Expanding road capacity in urban areas resulted in urban sprawl, more traffic and more motorists

By studying the effects of expanding road capacity in two urban areas in Norway; Ålesund (the Blindheim Tunnel) and Oslo (South Corridor), researchers found that the road capacity expansion resulted in urban sprawl, longer work trips and more traffic. The rush-hour congestion was not reduced.

This is the conclusion in a scientific article published in the journal Transportation Research by researchers Aud Tennøy, Anders Tønnessen and Frants Gundersen at the Institute of Transport Economics.

- The article is based on our studies of the effects of expanded road capacity on land-use development, travel behavior, traffic volumes and congestion. In addition, we investigated whether these factors had been included in the analyzes, says Chief Researcher Aud Tennøy.

Expanding capacity cause urban sprawl

According to Tennøy, the study's findings illustrate the fact that expanded road capacity resulted in urban sprawl and longer work trips.

- Road traffic increased and the expanded road capacity was gradually filled by cars. Soon, traffic was as slow as before the expansion and there were more drivers in the queue. Consequently, more queue, says Tennøy.

The increase in capacity resulted in no or only short-term reduction in congestion and delays. In the South Corridor the delays were soon the same as in 2003, before the capacity was expanded.

- Our sdudies showed clear indications that urban sprawl was caused, or at least made possible, by the capacity expansions. Document studies and interviews revealed that before expanding the road capacity the urban development in the outer parts of Ålesund was limited because of limited road capacity. Facilitating urban development in these areas was an important argument for increasing road capacity, in which they succeeded. A side effect, however, was increased traffic and new queues.

- In the municipalities south of Oslo expanded road capacity in the southern corridor contributed to a hike in demand for housing and jobs, and, consequently, urban development took place. The fact that car-based mobility best accessed the new urban areas, a car-dependent pattern emerged. This increased traffic, and generated more queue, Aud Tennøy explains.

These land-use effects of expanding road capacity were not included in the impact assessments for the Southern Corridor. On the contrary, it was explicitly assumed that expanded road capacity would not lead to more land-use development in the outer areas than one could expect if the road was not expanded.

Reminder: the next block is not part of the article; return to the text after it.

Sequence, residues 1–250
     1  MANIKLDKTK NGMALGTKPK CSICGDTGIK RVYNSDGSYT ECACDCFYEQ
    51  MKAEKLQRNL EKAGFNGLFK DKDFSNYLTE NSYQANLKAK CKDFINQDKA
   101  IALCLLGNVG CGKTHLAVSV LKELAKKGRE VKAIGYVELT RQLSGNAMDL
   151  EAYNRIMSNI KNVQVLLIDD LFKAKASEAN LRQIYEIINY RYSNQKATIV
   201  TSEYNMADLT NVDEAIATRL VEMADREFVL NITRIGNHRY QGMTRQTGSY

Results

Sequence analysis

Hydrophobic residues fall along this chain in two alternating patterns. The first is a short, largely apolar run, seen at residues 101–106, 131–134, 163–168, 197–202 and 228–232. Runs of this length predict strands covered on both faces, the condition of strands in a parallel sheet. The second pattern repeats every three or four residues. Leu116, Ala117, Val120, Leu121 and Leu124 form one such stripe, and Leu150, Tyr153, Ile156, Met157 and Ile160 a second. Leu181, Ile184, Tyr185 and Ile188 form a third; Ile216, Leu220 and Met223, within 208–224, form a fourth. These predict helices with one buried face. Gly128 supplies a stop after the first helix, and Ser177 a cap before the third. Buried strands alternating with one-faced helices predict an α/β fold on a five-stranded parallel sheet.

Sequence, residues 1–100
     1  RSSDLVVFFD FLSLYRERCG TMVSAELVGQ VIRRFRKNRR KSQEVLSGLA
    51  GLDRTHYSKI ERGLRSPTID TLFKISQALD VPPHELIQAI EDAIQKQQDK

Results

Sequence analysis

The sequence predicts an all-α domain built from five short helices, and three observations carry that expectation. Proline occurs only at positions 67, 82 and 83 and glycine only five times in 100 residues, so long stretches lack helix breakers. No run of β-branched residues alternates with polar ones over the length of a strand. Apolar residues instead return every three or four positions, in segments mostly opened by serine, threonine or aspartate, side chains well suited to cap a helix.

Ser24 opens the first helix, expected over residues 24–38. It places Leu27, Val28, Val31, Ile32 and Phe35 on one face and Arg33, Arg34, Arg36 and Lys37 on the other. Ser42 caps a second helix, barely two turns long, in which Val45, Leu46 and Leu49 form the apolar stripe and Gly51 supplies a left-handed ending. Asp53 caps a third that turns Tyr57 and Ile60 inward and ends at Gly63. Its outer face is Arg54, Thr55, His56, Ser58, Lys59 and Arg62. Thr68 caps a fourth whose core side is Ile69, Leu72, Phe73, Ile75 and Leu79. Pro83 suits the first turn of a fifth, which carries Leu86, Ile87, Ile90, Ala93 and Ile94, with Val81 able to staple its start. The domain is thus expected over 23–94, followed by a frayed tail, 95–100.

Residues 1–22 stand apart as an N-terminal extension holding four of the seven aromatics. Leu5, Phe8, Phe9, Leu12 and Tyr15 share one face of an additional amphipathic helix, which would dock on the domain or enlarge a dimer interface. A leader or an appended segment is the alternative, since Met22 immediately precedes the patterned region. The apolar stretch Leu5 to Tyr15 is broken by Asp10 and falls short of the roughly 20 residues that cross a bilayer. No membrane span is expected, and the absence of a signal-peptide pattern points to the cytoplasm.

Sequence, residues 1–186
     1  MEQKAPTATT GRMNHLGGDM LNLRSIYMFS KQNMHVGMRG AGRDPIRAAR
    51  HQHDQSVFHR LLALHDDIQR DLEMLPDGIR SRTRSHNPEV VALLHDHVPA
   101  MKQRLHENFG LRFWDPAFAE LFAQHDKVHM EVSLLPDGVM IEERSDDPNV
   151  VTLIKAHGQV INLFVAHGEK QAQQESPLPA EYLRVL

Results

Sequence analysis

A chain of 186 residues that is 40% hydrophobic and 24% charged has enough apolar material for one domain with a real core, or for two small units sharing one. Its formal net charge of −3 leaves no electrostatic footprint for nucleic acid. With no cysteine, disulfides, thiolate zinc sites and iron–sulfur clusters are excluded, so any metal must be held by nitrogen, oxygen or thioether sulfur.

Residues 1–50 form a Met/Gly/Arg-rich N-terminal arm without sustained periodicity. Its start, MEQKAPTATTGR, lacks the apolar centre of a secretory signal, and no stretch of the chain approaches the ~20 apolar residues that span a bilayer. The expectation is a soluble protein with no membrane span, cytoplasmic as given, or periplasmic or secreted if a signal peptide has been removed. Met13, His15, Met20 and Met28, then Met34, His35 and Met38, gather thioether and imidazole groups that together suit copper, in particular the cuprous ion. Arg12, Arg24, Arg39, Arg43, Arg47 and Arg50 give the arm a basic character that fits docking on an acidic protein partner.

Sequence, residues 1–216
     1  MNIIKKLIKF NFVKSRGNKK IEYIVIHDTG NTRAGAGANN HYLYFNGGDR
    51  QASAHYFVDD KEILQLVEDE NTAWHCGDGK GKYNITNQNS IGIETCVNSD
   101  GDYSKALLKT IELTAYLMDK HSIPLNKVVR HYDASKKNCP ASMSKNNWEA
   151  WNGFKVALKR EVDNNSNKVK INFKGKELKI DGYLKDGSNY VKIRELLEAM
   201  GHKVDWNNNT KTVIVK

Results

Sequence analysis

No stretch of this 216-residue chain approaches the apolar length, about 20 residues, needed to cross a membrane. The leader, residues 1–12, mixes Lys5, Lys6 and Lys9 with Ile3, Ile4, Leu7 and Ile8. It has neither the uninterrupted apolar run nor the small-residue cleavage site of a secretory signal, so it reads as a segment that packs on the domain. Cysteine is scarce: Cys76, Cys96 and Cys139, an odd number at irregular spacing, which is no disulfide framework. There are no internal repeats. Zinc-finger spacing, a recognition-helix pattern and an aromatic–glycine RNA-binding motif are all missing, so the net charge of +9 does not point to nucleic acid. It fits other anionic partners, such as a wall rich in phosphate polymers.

- We have examined planning documents related to ongoing capacity expansion plans and it looks like that they still do not take this into account when calculating the effects of capacity expansion, says Tennøy.

Expanded capacity prevents zero growth goals

In the article in Transportation Research the researchers claim to have documented the effects of road capacity on land use development, travel behavior and traffic volumes. This can be useful knowledge for politicians and professionals when considering whether increased road capacity is a good solution to solving traffic and environmental problems in urban areas.

- We know that the recipe for zero growth is measures such as densification and transformation in and around the city center, limiting urban sprawl in the outer areas, strengthening the city center, improving public transport, facilitating measures for cycling and walking, and introducing restrictive measures against car traffic. Our results show that it will be difficult to reach zero-growth goals if we continue expanding road capacity in urban areas. In this context it is interesting to ask why Oslo plans to expand E18 west and E6 Oslo east, says Aud Tennøy.

The research is funded by the Research Council of Norway, project 235859: URBANEFF

Reference: Effects of urban road capacity expansion - Experiences from two Norwegian cases. Aud Tennøy⁎, Anders Tønnesen, Frants Gundersen, Transportation Research Part D: Transport and Environment. Volume 69, April 2019, Pages 90-106.

      

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